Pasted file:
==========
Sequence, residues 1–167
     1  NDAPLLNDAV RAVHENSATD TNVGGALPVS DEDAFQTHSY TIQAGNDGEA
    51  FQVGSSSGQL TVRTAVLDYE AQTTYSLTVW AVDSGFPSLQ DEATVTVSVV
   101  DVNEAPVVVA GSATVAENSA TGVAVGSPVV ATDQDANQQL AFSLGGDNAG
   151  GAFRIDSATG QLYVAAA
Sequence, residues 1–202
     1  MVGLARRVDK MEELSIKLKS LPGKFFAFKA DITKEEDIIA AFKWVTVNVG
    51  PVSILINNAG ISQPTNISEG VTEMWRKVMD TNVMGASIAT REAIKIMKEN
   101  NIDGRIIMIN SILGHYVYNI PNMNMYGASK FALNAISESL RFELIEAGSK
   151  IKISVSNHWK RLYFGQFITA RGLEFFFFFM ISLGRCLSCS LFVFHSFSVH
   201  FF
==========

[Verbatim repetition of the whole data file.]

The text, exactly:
Sequence, residues 1–167
     1  NDAPLLNDAV RAVHENSATD TNVGGALPVS DEDAFQTHSY TIQAGNDGEA
    51  FQVGSSSGQL TVRTAVLDYE AQTTYSLTVW AVDSGFPSLQ DEATVTVSVV
   101  DVNEAPVVVA GSATVAENSA TGVAVGSPVV ATDQDANQQL AFSLGGDNAG
   151  GAFRIDSATG QLYVAAA
Sequence, residues 1–202
     1  MVGLARRVDK MEELSIKLKS LPGKFFAFKA DITKEEDIIA AFKWVTVNVG
    51  PVSILINNAG ISQPTNISEG VTEMWRKVMD TNVMGASIAT REAIKIMKEN
   101  NIDGRIIMIN SILGHYVYNI PNMNMYGASK FALNAISESL RFELIEAGSK
   151  IKISVSNHWK RLYFGQFITA RGLEFFFFFM ISLGRCLSCS LFVFHSFSVH
   201  FF